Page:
Drugmakers shift from clinical trials, mine EMRs for drug approvals

To gain approval for a new drug or a new use of an existing one, drugmakers are shifting away from conducting traditional clinical trials and instead determining the efficiency of a drug by analyzing data sets from electronic medical records, according to The Wall Street Journal.

Clinical trials are often expensive and can take years. By looking at data from electronic medical records, drugmakers can see how a drug performs in a matter of months and avoid costly clinical trials. 

Pfizer, Johnson & Johnson and Amgen have used health record analyses when seeking FDA approval for a new drug or for a new use of an existing drug, according to the Journal. The FDA has approved new uses for breast cancer, bladder cancer and leukemia drugs based on health record data.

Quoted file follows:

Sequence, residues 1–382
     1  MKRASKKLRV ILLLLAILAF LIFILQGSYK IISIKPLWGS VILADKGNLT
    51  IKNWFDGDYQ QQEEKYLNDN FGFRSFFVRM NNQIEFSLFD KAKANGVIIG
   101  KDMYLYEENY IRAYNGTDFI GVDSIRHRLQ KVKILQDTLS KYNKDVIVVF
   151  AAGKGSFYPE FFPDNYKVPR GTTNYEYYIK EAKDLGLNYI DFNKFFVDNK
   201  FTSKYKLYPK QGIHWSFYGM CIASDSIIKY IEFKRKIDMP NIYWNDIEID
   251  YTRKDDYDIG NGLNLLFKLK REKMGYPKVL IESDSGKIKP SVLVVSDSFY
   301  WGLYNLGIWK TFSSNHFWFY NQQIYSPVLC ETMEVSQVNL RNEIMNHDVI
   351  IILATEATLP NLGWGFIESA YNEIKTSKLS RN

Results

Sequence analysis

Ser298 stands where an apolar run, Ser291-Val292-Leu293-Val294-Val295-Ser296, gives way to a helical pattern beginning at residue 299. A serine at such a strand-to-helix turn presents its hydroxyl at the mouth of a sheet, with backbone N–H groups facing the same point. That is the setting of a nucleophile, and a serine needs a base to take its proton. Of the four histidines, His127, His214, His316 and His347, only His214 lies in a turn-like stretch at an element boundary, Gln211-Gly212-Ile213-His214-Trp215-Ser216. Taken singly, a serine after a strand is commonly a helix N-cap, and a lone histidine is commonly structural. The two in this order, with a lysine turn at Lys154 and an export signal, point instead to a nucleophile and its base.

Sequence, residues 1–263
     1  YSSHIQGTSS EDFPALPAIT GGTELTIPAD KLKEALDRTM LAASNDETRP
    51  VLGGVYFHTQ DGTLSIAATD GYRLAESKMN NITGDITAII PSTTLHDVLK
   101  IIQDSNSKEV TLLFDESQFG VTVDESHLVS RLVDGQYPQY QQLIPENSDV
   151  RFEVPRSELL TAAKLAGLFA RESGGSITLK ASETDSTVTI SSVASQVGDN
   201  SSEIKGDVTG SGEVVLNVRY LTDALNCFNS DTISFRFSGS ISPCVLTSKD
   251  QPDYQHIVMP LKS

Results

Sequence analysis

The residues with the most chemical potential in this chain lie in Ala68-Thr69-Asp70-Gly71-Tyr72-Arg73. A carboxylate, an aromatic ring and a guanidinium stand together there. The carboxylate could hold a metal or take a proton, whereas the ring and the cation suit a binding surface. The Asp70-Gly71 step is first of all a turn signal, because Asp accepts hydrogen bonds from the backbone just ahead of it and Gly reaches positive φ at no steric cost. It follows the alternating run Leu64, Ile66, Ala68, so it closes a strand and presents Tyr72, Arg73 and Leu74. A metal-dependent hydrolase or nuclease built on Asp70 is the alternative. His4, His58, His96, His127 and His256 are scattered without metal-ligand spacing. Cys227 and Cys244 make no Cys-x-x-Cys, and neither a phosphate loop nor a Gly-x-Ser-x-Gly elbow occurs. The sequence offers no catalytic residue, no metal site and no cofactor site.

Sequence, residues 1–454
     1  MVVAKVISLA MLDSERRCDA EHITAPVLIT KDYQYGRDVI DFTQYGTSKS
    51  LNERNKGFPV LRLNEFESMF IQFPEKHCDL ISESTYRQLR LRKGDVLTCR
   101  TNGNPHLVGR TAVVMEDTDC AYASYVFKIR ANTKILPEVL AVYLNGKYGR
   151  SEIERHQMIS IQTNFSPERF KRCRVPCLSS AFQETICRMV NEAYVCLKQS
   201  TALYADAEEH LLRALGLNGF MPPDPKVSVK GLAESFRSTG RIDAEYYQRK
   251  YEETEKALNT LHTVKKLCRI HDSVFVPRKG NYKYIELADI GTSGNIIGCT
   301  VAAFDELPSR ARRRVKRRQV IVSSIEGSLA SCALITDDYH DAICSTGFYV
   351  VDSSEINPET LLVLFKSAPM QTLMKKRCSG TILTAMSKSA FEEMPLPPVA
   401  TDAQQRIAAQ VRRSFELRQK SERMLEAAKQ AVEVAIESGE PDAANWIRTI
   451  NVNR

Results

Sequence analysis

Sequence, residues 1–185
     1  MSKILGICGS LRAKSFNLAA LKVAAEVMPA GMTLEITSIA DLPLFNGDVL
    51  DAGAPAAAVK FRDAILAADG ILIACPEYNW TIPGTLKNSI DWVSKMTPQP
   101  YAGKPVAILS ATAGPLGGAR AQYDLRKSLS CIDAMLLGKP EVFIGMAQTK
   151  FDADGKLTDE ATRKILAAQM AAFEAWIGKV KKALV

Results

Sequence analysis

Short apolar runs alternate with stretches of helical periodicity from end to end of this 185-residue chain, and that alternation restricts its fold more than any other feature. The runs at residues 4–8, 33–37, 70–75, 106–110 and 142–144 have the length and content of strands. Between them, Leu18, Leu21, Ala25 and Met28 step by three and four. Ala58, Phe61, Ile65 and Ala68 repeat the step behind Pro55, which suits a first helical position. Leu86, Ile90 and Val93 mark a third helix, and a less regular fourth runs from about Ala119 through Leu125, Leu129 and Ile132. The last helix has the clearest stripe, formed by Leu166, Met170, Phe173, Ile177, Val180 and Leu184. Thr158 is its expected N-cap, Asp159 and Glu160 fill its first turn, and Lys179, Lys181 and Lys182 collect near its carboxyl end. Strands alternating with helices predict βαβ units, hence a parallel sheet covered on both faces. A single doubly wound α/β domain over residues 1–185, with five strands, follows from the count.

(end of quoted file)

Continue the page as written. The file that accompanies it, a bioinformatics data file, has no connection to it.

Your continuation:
Drugmakers mine hospital and physician files, looking at data for patients who are already taking an approved drug to look for changes in blood pressure, tumor size or other factors to see if the drug is helping them or causing a side effect. Using this data can help avoid costly, time-consuming clinical trials. 

But some physicians say that health records often have errors that could skew results, and that error-free records still may not produce results of the same quality that a clinical trial would.

Supporters of health record analyses say they wouldn't completely replace clinical trials. The records would augment trials or be used instead of trials for new uses of existing drugs. 

Read the full article here

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